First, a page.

Contact your legislators


LCSD Patrons,

The last time I sent out an update on SB 2328 there was positive news. The bill had just passed the senate 47-0 and we were feeling pretty good about the direction things were going. That was February 13. Fast forward to March 23 and suddenly we find ourselves in a very different situation.

This week, the House Education Committee has discussed SB 2328 and it has not gone well. They have not yet taken a vote, but it does not appear that they will vote in favor of SB 2328 as it is written. The good news is that there is still time to email legislators with your concerns. 

Below, you will find some information on writing emails and testimony. I will be sending out additional updates in the coming days.


Marc Ritteman

SB 2328

Writing your email or testimony

  • 250-500 words is about right
  • Identify something about this issue that you feel particularly strong about and speak from the heart
  • Email your concern to each member of the committee. 
  • If you have any questions about your email or testimony, you can contact me directly at 

Local Representatives

Clayton Fegley -

Lisa Finley-Deville -

House Education Committee Members:

Pat Heinert (Chairman) -

Cynthia Schreiber-Beck -

Liz Conmy -

Scott Dyk -

LaurieBeth Hager -

Dori Hauck -

Jeff Hoverson -

Matt Heilman -

Jim Jonas -

Donald Longmuir -

Andrew Marschall -

Eric Murphy -

Anna Novak -

Kelby Timmons -

Email/Testimony Examples From Teachers

Example 1)

I want to bring to your attention the detrimental effects that will come with our school district having an improper weight scale. As most of you may know, having either come from a small town or have visited one of the many in North Dakota, there is a special kind of unity that each of these communities hold. The unity and togetherness are of the most beautiful qualities that come with a small town. Ones that are cherished by many in North Dakota. With being improperly weighted for our districts funding, it will be the beginning of the dissipation of opportunity that will greatly affect small communities like ours in Berthold and Plaza.

            I come to you as the mom of a future student in our district, a teacher in the community, an alumni of a small town community, and ultimately a voice for the kids. As educators, we act as advocates for our students. That means sometimes having difficult conversations for the betterment of our students. I love speaking in front of 9 and 10-year old students as a 4th grade teacher, but speaking in front of adults in a session like this frightens me. But what frightens me even more, is that our students could possibly have cuts in programs, cuts in technology, a lack of opportunities, and more, which will directly affect our goal in creating lifelong learners.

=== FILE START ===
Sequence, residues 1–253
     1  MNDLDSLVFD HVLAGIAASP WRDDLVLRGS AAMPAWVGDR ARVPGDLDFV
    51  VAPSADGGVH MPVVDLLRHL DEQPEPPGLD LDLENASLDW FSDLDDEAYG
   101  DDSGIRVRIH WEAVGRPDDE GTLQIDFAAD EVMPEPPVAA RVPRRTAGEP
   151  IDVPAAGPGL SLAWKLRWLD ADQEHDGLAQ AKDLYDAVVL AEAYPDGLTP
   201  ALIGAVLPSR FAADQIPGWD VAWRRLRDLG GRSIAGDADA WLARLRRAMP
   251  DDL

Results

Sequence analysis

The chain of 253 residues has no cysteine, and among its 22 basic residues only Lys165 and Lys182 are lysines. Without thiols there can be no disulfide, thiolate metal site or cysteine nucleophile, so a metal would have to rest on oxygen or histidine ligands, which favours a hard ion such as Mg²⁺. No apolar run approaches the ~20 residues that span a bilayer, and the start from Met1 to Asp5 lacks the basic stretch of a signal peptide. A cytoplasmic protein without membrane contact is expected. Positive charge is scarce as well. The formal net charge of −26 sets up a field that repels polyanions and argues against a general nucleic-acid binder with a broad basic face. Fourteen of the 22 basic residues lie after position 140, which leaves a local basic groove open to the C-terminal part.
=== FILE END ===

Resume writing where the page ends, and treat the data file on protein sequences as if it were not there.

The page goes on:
Kids in our small community are more than a number in our grade books, they are our neighbors, our relatives, our family friends; they are kids in which we get the pleasure to watch grow up into young adults. The close-knit bond that small communities have is precious and fragile to such travesties like being improperly funded. If our kids cannot get equal opportunity for programs and education due to the lack of funding provided, what is to keep parents from sending their kids to different schools nearby or leaving our community entirely? I realize this is a horrific outcome to talk about, but that’s what it would eventually trickle down to as a direct repercussion of being improperly funded. It’s important to realize what is an unfortunate, yet very realistic future as a result of this situation. It is truly punishing the students for coming from a smaller community with a long district size. This would essentially be sending that message that their education is less important because of their demographic.

The unity between towns (Berthold and Plaza) in our district is one that we have celebrated for many years. However, due to the large distance of 30 miles between our schools, our funding for running the two separate buildings that far apart will need to be weighted properly to reflect that and effectively run both. Our school district and members of our community aren’t asking for more than other school, we are asking to be properly weighted so our school can have the same opportunities that other schools have. It’s all about making sure that every student, regardless of their district and community size, be given an equal opportunity to learn and grow in school. As educators, one of the pillars we base teaching off of is that not every student learns the same so we must differentiate to give all an equal opportunity to learn. The same reflects with our funding. What it may take to run a district of our lengthy size and separate locations will be different than what it may take for another school district with a smaller proximity to run. Please consider adjusting our school’s weight system so that it may reflect a proper funding that will give our students equal opportunity to learn. Thank you.